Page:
Michelle's battle for her home

SHE is trying to rebuild her life after being left paralysed in a freak gun accident, but today Michelle Coulson faces a new battle and faces eviction from her home.

SHE is trying to rebuild her life after being left paralysed in a freak gun accident, but today Michelle Coulson faces a new battle and faces eviction from her home.

Miss Coulson of Felixstowe hit the headlines four years ago when she was injured in a shooting accident, but is now locked in a battle with Suffolk Coastal District Council to keep her home following a row over benefit payments.

The 23-year-old is entitled to housing benefit but after taking on a part time job in the payroll department of Ipswich Borough Council in August she was told her benefits would be reduced.

She claims she filled in the form she was given and sent it back but the council say they never received them and cut her payments altogether.

Now she says her housing association is threatening to evict her from her specially adapted house unless the missing payments - dating back to August - are met.

The district council says it registers the letters it receives and sends back receipts but Miss Coulson said she was not told to expect a receipt.

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She said: “The council is saying they haven't received a form but the long and short of it for me is that I know I sent the form back but now I'm threatened with eviction. It's a huge worry and upset.

“The council said an appeal has been rejected.

“I've done everything right, I'm up to date with my payments, and I just wish the council could just sort it out.

“I'm being asked for all sorts of information now, like my tax credit details, and I know I've given it to them already.”

Miss Coulson said she does believe things can eventually be resolved but is also having to deal with the housing association.

She said: “Am I expected to send everything by special delivery? That costs money and I'm on low income as I only do 16-and-a-half hours a week.”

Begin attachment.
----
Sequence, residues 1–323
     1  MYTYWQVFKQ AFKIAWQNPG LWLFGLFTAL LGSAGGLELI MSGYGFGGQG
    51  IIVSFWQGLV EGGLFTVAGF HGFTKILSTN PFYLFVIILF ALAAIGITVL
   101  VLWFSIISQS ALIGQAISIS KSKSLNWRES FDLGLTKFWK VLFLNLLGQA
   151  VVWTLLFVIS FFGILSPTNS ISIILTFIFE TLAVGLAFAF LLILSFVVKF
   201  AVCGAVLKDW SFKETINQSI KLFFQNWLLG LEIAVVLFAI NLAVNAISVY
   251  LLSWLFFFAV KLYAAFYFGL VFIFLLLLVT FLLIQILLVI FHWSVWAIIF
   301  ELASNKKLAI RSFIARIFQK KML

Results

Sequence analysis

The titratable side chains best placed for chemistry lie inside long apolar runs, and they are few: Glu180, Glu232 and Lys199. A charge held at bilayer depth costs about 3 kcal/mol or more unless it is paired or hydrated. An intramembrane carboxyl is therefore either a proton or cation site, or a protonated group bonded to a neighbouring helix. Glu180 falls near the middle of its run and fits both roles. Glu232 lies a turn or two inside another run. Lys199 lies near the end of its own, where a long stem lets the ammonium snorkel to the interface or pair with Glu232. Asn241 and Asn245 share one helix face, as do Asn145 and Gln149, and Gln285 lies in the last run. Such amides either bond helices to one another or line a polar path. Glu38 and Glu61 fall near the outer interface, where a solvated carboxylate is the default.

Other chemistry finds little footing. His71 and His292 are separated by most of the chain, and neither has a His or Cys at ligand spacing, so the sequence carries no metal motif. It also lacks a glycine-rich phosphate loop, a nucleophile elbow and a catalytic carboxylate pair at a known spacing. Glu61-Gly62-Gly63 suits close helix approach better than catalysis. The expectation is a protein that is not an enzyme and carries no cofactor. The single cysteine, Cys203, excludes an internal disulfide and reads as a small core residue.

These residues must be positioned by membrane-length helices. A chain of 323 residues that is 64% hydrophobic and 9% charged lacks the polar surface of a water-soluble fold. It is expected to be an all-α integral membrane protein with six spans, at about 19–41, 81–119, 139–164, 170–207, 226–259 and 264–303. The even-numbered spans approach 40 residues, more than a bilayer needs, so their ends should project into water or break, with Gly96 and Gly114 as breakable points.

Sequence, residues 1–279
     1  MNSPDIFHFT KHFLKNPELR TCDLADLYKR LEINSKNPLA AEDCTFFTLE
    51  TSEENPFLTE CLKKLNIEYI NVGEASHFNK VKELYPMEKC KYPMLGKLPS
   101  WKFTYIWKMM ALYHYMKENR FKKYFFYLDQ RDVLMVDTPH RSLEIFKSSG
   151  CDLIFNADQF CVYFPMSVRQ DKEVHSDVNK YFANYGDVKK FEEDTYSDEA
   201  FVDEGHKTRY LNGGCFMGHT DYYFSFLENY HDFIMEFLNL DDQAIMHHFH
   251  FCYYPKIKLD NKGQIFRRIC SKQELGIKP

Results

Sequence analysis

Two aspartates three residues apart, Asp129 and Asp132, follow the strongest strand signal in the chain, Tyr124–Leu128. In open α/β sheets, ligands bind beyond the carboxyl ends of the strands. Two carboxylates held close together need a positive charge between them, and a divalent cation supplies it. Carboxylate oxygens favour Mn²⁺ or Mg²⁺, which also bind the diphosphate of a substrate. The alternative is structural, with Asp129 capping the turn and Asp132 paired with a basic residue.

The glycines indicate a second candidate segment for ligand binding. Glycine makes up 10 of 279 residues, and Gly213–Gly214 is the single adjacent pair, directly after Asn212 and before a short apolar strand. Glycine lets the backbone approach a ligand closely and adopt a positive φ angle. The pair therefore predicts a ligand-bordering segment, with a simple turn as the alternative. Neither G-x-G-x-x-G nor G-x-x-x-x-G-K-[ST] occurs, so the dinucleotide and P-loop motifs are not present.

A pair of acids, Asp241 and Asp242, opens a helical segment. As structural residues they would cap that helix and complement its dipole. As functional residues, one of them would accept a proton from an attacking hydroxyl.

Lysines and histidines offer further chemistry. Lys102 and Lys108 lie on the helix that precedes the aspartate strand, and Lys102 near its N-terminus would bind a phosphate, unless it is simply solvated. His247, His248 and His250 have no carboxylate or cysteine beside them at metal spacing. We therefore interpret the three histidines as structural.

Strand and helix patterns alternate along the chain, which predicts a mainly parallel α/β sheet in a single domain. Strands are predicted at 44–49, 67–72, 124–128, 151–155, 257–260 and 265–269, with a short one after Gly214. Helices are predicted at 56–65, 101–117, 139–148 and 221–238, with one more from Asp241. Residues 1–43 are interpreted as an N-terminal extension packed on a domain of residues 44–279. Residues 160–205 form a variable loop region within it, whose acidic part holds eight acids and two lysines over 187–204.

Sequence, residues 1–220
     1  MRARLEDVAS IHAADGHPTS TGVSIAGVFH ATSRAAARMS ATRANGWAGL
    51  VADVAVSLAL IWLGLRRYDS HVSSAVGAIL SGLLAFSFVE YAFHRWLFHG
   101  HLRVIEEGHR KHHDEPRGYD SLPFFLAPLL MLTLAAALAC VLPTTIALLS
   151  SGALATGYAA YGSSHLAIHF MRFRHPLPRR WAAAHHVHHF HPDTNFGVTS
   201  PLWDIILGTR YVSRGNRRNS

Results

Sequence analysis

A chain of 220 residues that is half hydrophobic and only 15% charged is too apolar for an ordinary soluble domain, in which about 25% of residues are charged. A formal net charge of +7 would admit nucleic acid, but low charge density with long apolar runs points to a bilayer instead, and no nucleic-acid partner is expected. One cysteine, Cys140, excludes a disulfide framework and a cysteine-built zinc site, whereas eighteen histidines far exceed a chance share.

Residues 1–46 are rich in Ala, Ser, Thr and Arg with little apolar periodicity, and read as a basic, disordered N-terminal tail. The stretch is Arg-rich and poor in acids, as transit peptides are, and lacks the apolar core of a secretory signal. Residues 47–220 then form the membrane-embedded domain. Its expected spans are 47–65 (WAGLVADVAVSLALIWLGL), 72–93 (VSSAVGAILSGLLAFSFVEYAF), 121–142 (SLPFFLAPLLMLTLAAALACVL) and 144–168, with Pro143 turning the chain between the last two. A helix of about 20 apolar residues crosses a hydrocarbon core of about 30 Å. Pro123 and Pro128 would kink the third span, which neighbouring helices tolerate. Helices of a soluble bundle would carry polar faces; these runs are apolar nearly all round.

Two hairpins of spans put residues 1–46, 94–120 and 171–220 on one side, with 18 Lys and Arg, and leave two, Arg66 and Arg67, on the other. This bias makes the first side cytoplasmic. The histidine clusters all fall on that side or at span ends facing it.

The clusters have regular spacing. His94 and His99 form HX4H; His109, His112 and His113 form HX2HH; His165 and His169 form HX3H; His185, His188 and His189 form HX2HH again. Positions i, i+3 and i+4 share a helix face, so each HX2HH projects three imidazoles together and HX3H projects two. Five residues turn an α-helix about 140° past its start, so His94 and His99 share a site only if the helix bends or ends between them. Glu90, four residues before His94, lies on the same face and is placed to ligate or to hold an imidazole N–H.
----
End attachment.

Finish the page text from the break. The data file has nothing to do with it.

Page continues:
A spokesman for Suffolk Coastal District Council said: “If someone supplies us with documentary evidence we log it and send a receipt back to the individual.

“If we make a decision regarding benefits, to increase, reduce or suspend them, a letter is sent to them.

“We have had a meeting with Michelle and her mother where we advised then of the avenues they can take to try and sort out the situation, including formally submitting a complaint.”

n. Are you in Michelle's situation? Write to Your Letters, Evening Star, 30 Lower Brook Street, Ipswich, IP4 1AN or email eveningstarletters@eveningstar.co.uk

NUMBER 11 panel


MICHELLE Coulson's life changed forever on September 12 2002.

Her ex-boyfriend Alexander Powell dropped a gun, causing it to fire into her neck. The bullet severed Miss Coulson's spinal cord and left her with limited use of her shoulders, arms and fingers and no movement in her legs.

She spent 13 days in the intensive care unit at Ipswich Hospital before being transferred to the specialist spinal unit at the Royal National Orthopaedic Hospital, Stanmore, in Middlesex. Her first six weeks there were spent wearing a 'halo' - a head frame bolted to the scalp. She spent more than nine months in total in hospital and later had an operation on the tendons in her left arm to enable her to move her fingers.

Michelle, a former Copleston High School and Suffolk College pupil, was a lifeguard at Ipswich's Crown Pools before the shooting and was planning a career as a paramedic.

She moved out of her family home because she needed a specially-adapted property and a 24-hour carer.

An appeal was set up for Miss Coulson by the Evening Star and generous readers dug deep to buy a shed for her home. The shed is used to store her equipment, notably a large hoist used in the event of her falling from her wheelchair.

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